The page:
Aircraft Mechanic Jobs

Aircraft mechanic jobs are indispensable for airlines. Commonly, when aircraft jobs are referred to, jobs such as flight attendants and pilots come to one’s mind. However, the former provide the backbone for the functioning of airlines.

The common jobs available include airframe mechanics, power plant technicians, A&P mechanics, repairmen and avionics technicians. Airframe mechanics are usually designated to all parts of the aircraft excluding the propellers, instruments and power plants

Power plant technicians usually work on the engines and also the propellers, albeit limited in function; A&P mechanics, on the other hand - derived from the term combination aviation and power plant mechanics, work on all parts of the plane excluding the instruments; whereas repairmen work on specific parts of the plane, for example the propellers, flight instruments and radios singularly.

Due to the increasing utilization of avionics systems to increase the capabilities of aircrafts, the usage and demand of avionics technicians is on the rise. Avionics technicians repair the aircraft’s electronic systems used for the functioning of aircrafts. These functioning pertain to, among others, radio communications, flight navigation and engine functions.

The working places for this type of jobs are often times in the airline’s hangar or other indoor places. However, when hangars are occupied or prompt repairs are necessary, aircraft mechanics may have to work in unpleasant working conditions outdoors, such as during heavy rain.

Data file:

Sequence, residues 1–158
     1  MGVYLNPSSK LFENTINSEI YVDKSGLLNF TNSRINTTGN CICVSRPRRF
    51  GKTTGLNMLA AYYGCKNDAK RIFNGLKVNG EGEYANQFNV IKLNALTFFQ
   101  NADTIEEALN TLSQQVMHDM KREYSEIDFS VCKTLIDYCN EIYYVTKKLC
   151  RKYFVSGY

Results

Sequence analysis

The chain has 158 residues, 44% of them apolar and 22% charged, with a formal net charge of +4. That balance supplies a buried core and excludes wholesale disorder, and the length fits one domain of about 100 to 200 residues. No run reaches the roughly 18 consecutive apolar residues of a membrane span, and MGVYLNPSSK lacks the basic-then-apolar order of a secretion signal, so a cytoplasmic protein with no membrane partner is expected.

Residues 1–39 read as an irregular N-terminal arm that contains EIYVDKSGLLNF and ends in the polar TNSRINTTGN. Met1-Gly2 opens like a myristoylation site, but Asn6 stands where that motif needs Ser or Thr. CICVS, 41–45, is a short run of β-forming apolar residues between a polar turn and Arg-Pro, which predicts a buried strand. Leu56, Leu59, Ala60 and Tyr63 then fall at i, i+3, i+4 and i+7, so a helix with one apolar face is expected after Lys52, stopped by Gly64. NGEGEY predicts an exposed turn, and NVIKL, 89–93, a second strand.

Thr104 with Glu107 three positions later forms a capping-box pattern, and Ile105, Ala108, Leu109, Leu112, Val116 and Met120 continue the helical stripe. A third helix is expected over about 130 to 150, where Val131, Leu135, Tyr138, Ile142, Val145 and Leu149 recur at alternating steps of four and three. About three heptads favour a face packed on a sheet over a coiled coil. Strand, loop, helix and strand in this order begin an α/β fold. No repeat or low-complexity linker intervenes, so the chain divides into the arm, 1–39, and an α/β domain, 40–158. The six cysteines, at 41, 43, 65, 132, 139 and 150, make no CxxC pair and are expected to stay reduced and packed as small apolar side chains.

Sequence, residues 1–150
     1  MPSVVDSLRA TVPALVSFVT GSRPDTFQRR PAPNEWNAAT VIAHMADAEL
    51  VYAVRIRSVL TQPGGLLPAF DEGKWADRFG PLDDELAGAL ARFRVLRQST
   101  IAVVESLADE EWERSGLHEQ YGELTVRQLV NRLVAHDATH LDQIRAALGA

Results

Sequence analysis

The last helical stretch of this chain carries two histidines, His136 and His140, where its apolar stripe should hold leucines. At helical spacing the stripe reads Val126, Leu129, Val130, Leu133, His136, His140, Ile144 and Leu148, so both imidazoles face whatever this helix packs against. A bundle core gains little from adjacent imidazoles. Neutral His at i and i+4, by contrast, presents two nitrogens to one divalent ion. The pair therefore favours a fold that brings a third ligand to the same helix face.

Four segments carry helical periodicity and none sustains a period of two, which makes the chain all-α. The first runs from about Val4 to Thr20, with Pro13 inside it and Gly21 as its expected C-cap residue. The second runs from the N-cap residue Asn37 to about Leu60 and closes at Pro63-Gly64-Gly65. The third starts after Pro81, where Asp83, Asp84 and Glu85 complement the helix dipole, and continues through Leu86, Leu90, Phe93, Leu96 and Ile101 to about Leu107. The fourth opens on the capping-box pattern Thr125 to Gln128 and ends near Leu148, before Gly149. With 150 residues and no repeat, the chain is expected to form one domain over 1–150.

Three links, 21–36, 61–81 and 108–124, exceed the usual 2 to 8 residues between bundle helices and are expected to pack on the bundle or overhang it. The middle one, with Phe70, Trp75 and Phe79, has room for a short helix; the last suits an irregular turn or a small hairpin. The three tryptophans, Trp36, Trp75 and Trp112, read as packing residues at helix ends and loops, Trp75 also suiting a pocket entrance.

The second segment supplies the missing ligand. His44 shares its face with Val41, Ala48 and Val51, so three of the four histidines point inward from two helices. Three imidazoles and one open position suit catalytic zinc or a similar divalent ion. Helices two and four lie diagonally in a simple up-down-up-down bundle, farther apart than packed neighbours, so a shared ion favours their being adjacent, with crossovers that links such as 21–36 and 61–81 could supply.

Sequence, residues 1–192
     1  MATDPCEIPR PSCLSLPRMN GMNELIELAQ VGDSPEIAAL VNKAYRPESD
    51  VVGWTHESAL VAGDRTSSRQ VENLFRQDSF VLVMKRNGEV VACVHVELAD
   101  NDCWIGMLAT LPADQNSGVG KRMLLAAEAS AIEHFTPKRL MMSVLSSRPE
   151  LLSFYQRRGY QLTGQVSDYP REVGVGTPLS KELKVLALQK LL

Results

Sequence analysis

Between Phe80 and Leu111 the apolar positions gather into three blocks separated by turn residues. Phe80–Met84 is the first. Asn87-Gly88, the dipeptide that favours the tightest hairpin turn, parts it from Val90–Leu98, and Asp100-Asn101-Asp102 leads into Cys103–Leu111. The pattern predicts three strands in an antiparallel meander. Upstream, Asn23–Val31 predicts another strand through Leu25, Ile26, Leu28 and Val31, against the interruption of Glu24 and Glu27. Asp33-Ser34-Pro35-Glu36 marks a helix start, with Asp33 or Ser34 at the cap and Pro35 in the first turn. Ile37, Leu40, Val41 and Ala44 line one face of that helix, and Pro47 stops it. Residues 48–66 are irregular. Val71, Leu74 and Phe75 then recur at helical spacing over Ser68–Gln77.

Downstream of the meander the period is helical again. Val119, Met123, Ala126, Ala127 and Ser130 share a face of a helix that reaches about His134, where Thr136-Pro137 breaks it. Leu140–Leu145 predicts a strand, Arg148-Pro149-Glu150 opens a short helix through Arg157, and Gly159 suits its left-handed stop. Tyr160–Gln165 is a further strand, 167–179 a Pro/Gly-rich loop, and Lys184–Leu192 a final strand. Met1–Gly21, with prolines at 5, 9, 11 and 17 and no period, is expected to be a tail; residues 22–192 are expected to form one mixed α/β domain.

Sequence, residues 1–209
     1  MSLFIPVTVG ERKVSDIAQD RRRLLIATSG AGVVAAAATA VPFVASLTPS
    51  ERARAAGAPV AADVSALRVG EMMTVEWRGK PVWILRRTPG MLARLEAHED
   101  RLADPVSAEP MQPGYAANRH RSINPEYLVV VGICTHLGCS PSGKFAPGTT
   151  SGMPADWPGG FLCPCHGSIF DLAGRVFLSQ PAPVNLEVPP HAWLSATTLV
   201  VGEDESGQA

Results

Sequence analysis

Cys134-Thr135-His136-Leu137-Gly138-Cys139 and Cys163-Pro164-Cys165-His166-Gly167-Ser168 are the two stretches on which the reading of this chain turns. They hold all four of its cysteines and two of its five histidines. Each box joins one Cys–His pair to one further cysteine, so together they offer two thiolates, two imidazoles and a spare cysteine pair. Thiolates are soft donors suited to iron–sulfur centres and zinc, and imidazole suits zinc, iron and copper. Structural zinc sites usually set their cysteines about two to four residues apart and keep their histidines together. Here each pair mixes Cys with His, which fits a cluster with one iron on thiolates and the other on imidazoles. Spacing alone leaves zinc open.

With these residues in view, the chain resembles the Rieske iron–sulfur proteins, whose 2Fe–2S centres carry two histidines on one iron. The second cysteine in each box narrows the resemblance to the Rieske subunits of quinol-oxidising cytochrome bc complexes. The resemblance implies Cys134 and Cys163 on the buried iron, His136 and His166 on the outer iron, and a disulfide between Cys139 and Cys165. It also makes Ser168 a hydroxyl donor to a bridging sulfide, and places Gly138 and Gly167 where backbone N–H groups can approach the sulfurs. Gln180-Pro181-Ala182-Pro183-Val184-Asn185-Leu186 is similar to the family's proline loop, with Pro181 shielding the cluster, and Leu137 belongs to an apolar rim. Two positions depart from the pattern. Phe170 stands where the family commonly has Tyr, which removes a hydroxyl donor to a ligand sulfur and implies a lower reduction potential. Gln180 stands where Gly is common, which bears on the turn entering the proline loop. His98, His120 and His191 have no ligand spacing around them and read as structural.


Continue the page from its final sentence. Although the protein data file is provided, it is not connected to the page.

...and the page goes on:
The working environment is oftentimes deemed as stressful and undesirable due to the excessive pressure to adhere to flight schedules and at the same time adhere to safety standards and regulations. On top of that, long working hours, heavy manual work, uncomfortable working conditions and noise pollution are all to be expected in this line of work.

Having said that, according to data supplied by the US government, the salary obtained for these jobs is considerably lucrative. This is illustrated by the median hourly earnings for various industries which provide employment for aircraft mech. jobs.

For scheduled air transportation, the median hourly rate was $27.37; while the Federal Government $21.67; Nonscheduled air transportation $20.88; Aerospace product and parts manufacturing $20.60; and air transportation supporting activities $18.70. Also notable are the fringe benefits provided, which include medical and dental coverage, profit sharing and free flights for the entire family.

The basic requirements for aircraft mech. jobs are certification obtained from governmental aviation administrations. In the United States, the organization which is designated this duty is the Federal Aviation Administration (FAA).

The basic requirements from the FAA in order to pursue aircraft mech. jobs are 18 months of work experience for air frame or power plant mechanics and 30 months for A&P mechanics. The passing of written and oral tests are also mandatory to illustrate competency in conducting the work stipulated in the certificates.

Commonly, the characteristic traits demanded by prospective employers for aircraft mechanic jobs are diligence, enthusiasm, self-motivation and problem diagnostic competencies. Also indispensable is a high level of aptitude in mechanical functions, agility and constant skill updating of the latest technological innovations and advances for aviation.

Aircraft mech. jobs usually entail lucrative income should one manage to secure occupation in large airline companies. In order to qualify however, considerable work experience in smaller, lower wage paying avenues such as smaller airline companies, manufacturing plants and the like is commonly accumulated amongst entry level workers of aircraft mechanic jobs.

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